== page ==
Abstract

First Baptist Dallas is a nationally prominent and politically conservative evangelical congregation in downtown Dallas, TX. This dissertation addresses questions such as: how are conservative evangelical women creating and enacting their religious identity? Who or what is influential in the performance of religious and political identity narratives? A theory of religious performativity argues that religious identity is materialized into intelligibility by a discursive interplay of agents and power and takes the emphasized role of God for a woman of faith seriously.

The dissertation structure attends to expanding relationships of influence in a woman’s life, beginning with God and moving outward to her husband, pastor, church, community, schools, and national politics. Extensive participant observation and interviews feature the voices, viewpoints, and experiences of the women at First Baptist to showcase how women within theological cultures of submission are active agents interweaving their religious and political identities.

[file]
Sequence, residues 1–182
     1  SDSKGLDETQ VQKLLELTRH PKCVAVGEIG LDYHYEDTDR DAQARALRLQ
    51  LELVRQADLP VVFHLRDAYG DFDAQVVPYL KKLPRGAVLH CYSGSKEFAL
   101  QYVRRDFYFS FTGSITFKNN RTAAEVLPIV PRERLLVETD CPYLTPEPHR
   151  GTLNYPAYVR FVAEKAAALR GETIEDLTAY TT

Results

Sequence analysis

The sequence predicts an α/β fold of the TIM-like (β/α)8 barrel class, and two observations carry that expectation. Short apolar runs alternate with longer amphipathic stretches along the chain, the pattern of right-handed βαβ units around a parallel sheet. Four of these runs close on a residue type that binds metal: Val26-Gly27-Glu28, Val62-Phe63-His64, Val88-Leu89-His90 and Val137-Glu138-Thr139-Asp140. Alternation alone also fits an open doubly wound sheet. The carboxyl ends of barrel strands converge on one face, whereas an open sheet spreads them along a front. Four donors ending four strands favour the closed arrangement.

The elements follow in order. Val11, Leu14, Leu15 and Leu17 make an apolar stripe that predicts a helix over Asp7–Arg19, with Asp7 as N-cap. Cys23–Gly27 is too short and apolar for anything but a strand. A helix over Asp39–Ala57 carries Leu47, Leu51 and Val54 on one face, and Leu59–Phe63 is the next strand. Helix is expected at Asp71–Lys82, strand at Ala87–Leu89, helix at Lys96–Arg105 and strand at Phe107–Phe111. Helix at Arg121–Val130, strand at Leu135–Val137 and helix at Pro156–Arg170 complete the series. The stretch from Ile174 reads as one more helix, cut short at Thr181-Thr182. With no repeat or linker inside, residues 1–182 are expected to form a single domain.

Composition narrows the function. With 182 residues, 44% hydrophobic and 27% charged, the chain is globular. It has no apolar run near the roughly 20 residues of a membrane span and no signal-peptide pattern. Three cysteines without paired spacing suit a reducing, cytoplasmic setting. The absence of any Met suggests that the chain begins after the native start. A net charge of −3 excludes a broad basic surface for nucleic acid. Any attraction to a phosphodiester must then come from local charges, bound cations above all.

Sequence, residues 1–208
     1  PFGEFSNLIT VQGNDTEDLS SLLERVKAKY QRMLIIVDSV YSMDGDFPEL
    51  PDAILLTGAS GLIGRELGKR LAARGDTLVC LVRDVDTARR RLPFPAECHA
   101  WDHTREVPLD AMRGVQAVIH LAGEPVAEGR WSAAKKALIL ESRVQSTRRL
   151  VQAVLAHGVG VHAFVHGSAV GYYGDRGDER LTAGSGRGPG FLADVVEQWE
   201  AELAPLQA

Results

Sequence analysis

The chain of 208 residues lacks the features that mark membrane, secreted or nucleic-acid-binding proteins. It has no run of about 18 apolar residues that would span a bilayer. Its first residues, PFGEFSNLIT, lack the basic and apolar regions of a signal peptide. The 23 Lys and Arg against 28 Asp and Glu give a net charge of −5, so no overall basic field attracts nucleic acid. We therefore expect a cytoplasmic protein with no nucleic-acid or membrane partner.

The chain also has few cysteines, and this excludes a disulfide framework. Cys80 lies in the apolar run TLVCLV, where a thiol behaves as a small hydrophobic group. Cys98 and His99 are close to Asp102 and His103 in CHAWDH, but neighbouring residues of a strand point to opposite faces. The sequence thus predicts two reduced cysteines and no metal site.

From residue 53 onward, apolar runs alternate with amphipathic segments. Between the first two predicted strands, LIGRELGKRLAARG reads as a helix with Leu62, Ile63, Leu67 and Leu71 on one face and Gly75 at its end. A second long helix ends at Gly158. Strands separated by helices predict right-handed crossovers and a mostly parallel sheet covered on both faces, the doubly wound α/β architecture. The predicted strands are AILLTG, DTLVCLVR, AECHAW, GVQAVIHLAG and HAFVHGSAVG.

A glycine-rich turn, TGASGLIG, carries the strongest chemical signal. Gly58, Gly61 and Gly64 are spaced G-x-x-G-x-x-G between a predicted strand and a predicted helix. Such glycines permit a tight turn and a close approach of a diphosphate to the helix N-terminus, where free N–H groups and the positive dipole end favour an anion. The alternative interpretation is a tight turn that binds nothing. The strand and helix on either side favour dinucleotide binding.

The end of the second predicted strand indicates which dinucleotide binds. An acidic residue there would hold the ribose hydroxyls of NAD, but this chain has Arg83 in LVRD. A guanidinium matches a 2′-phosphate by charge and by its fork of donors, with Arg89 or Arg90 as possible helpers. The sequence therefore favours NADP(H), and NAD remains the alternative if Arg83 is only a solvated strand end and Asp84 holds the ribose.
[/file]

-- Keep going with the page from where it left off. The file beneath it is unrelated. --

A motivation to provide understanding across disparate worldviews for the purpose of depolarization informed the project. The ethnographic approach humanized this population by carefully exposing their unique stories while also exposing a false dichotomy of us/them and challenging all readers to consider the intersections between their own religious/normative identity and American political identity.

Degree Date

5-14-2022

Document Type

Dissertation

Degree Name

Ph.D.

Department

Religious Studies

Advisor

Jill DeTemple

Second Advisor

R. Marie Griffith

Third Advisor

Karen Baker-Fletcher

Fourth Advisor

Nia Parson

Subject Area

Anthropology, Humanities, Religion

Number of Pages

443

Format

.pdf

Creative Commons License

Creative Commons Attribution-Noncommercial 4.0 License
This work is licensed under a Creative Commons Attribution-Noncommercial 4.0 License

Available for download on Thursday, May 30, 2024

Included in

Religion Commons

Share

COinS